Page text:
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  • Anthony Martinez is 84-years-old and suffering from renal failure, as well as other serious medical conditions including dementia. He is currently incarcerated in the Sterling Correctional Facility, site of one of Colorado’s largest COVID-19 outbreaks with almost 600 active COVID-19 cases. He and his family are understandably terrified that he will catch the virus and die.

    In the midst of this public health crisis, incarcerated people as vulnerable as Anthony, could and should be immediately released to safely live out their remaining years with family.

    Read more about Anthony Martinez and other at-risk incarcerated people. 

  • Ronald Johnson is pre-diabetic, suffers from asthma and high blood pressure, and regularly uses an inhaler to breathe. His age and respiratory ailments put him at risk of serious illness and death if he contracts COVID-19. With over hundreds of active cases in Colorado’s prisons, his family fears he will not make it out alive. His daughter, Amber, says, “In prison, he can’t protect himself and he can’t social distance. My deep fear is that my dad will die in prison. That is an awful, traumatic reality to consider. My chest is tight just thinking about how quickly it spreads and how vulnerable he is.”

    Governor Hickenlooper shortened his sentence following testimony from family, friends and correctional officers advocating for his early release. Yet, he is still eight years away from parole. While he remains in prison, COVID-19 continues to spread. Ronald’s three siblings, four children and four grandchildren are desperate for his release.

    Read more about Ronald Johnson and other at-risk incarcerated people.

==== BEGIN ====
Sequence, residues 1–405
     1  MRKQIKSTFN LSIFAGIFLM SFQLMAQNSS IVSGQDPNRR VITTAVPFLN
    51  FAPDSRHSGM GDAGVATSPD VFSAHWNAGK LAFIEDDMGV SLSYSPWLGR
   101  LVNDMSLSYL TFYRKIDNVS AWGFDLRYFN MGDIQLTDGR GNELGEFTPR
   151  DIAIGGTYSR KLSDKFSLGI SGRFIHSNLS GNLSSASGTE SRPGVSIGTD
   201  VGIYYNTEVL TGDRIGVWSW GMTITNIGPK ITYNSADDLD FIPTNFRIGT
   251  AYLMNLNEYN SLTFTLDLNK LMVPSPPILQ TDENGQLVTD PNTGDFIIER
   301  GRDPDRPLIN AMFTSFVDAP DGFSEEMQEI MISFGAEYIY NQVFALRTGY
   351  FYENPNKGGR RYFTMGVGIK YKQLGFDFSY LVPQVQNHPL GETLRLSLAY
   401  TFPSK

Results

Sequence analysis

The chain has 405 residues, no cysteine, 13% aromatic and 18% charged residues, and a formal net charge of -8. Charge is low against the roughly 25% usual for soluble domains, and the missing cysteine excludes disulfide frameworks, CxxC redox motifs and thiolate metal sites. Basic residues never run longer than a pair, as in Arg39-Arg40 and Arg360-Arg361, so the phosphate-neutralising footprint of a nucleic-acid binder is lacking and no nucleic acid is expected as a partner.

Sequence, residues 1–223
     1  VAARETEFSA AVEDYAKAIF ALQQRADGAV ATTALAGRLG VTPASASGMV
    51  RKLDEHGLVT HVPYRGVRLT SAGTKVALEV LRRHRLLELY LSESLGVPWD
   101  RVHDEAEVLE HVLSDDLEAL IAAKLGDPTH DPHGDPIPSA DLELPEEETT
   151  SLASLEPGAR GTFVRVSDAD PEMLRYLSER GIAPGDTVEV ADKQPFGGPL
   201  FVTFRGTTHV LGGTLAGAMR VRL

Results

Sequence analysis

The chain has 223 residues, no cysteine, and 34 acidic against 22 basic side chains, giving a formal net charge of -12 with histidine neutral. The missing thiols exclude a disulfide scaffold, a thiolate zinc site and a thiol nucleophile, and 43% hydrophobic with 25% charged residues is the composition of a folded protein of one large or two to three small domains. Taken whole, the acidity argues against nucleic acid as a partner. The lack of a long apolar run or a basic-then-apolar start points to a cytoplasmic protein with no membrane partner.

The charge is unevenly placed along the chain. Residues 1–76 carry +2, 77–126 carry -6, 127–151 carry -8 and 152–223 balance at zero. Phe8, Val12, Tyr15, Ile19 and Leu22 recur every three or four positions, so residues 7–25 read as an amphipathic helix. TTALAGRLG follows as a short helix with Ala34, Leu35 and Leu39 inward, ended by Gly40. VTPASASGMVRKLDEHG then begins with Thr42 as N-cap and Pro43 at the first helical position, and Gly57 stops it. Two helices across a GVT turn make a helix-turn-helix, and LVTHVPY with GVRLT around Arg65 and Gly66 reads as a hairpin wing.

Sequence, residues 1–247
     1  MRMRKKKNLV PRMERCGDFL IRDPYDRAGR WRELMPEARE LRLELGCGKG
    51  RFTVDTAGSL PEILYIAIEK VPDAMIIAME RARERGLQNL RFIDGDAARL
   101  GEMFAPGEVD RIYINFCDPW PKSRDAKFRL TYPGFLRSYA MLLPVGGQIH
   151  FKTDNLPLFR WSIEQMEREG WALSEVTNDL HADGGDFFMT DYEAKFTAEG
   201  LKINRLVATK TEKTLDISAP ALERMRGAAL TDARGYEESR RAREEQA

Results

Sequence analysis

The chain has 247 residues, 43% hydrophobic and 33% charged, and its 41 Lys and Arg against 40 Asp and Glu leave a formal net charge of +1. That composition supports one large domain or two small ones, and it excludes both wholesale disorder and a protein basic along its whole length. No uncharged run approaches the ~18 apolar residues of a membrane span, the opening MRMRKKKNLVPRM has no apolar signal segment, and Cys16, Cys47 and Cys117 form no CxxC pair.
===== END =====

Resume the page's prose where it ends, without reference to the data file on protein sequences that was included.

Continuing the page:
• Tuesday Olson knew her pregnancy was in trouble and tried to access hospital care as soon as possible. But there was a problem: she was in jail. This is her story.
  • It’s time to end the death penalty in Colorado. Family members who lost loved ones to murder speak out against an unjust and broken system.

Speakers Bureau: Grand Junction Know Your Rights Training

Following the recent events in Ferguson, Missouri and all around the country, it’s more important than ever for all citizens to be prepared and know how to assert their constitutionally-protected rights when dealing with law enforcement.

Cover imageThe ACLU of Colorado, Humanists Doing Good, the Hispanic Affairs Project, and the Universalist Unitarian Congregation of Grand Valley will present a Know Your Rights Training on Saturday, October 18th at 7 pm at 536 Ouray Avenue in Grand Junction, Colorado.

The Know Your Rights Training will be taught by ACLU Speaker Kathleen Hynes, PhD and will provide information and simple steps, based on constitutional protections and criminal case law, for handling interactions with police and other forms of law enforcement. Participants in the training will learn how to keep their cool and assert their constitutional rights, if necessary, when stopped by law enforcement, as well as how to report instances of police misconduct.

For more information, contact John Krieger at the ACLU of Colorado at (720) 402-3111 or Humanists Doing Good at (970) 623-2598.

To learn more about your constitutional rights and how to protect them, visit our Know Your Rights page.





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